Friday, September 22, 2017
Bilbo and Frodo's Birthday (Observed)
How the date of Bilbo's (and Frodo's) birthday corresponds with our calendar is a matter of debate. Appendix D of The Lord of the Rings says that our New Year's Day (January 1) corresponds "more or less" to the Shire's "January 9", and in standard years our September 14 and the Shire's "September 22" both fall 256 days after that date. However, Appendix D also says that the Shire calendar's "Midyear's Day" is "intended to correspond as nearly as possible to the summer solstice." In the Shire calendar, "September" (Halimath) 22 is 83 days after Midyear's Day. If we take the summer solstice to be our June 21, then Bilbo's and Frodo's birthday must be 83 days later, which is our September 12. --Footnote from Tolkien Gateway
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Does the precession of the equinoxes have anything to do with it?
It would hardly seem like a coincidence, but there seems to be little to it beyond the publication date. There are, however, several dates of significance lined up with Christian holidays, from the Fellowship leaving on December 25 (Christmas) to the Destruction of the Ring on March 25 (as Tom Shippey in The Road To Middle Earth points out, an ancient Anglo-Saxon tradition, the date of both the Crucifixion and the Annunciation).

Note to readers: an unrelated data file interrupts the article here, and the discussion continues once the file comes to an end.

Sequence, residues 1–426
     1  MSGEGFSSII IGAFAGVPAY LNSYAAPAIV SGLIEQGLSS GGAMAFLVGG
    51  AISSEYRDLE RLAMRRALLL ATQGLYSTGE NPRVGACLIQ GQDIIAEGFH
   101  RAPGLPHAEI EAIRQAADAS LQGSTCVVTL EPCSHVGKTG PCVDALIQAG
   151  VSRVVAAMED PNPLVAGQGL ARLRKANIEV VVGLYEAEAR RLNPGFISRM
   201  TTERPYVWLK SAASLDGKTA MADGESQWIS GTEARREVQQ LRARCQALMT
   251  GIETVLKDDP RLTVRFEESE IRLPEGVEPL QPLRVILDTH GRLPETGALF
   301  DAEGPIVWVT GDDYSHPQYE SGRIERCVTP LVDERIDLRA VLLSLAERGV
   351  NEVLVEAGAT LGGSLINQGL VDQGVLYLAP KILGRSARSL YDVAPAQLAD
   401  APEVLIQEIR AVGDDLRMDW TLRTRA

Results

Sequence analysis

Another Tolkien/September link.
Tom Bombadil seems to only go into Old Man Eillow's forest around the equinoxes.
That is an interesting observation, but I don't know if we can say it is the 'only' time he goes. Tom Bombadil goes to that part of the forest to gather water-lilies for Goldberry. He is sure to be there in the spring at the first of the season and in the fall before winter comes. He tells the Hobbits they are 'lucky' because this was the last time he would have been there until spring. He might very well go there for lilies any time in between, when Goldberry wants them. They are the only specific time he mentions that he goes, but it could be that it's like saying you're at the game at the first crack of the bat until the last inning is run.
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